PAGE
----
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Measures of kidney function by minimally invasive techniques correlate with histological glomerular damage in SCID mice with adriamycin-induced nephropathy.

Scarfe L, Rak-Raszewska A, Geraci S, Darssan D, Sharkey J, Huang J, Burton NC, Mason D, Ranjzad P, Kenny S, Gretz N, Lévy R, Kevin Park B, García-Fiñana M, Woolf AS, Murray P, Wilm B - Sci Rep (2015)

Bottom Line: Maximising the use of preclinical murine models of progressive kidney disease as test beds for therapies ideally requires kidney function to be measured repeatedly in a safe, minimally invasive manner.Measurements with either technique showed a significant impairment of renal function in experimental animals versus controls, with significant correlations with the proportion of scarred glomeruli five weeks after induction of injury.Moreover, their use will also lead to a reduction in experimental animal numbers.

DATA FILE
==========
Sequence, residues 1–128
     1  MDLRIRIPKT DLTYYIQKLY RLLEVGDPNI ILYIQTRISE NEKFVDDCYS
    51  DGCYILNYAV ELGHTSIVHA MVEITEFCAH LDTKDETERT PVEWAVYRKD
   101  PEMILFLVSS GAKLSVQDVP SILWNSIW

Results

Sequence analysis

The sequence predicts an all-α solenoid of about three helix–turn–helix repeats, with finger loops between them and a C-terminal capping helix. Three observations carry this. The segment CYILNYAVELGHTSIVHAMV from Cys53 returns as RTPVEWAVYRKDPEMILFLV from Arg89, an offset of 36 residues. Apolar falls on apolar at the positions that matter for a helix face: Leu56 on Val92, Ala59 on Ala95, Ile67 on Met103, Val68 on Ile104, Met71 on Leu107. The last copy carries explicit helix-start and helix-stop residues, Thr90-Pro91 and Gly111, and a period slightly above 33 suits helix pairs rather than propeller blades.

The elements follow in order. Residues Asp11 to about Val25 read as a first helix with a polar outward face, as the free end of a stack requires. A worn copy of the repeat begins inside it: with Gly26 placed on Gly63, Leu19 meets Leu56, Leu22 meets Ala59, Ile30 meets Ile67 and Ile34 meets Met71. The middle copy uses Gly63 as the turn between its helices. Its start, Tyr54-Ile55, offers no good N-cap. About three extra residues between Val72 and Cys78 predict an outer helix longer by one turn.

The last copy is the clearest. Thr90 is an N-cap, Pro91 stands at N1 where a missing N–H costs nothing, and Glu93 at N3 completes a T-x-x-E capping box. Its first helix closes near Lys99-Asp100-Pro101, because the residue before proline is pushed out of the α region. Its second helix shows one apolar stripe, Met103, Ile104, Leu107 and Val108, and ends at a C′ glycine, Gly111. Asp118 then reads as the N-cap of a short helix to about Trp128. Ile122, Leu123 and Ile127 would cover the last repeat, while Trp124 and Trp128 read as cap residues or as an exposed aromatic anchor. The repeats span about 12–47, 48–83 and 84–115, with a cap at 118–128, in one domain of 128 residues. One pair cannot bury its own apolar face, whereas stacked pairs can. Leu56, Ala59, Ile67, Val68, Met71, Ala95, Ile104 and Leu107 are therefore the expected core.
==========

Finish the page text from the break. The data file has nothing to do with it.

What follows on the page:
View Article: PubMed Central - PubMed

Affiliation: Department of Cellular and Molecular Physiology, Institute of Translational Medicine, University of Liverpool, Liverpool, UK.

ABSTRACT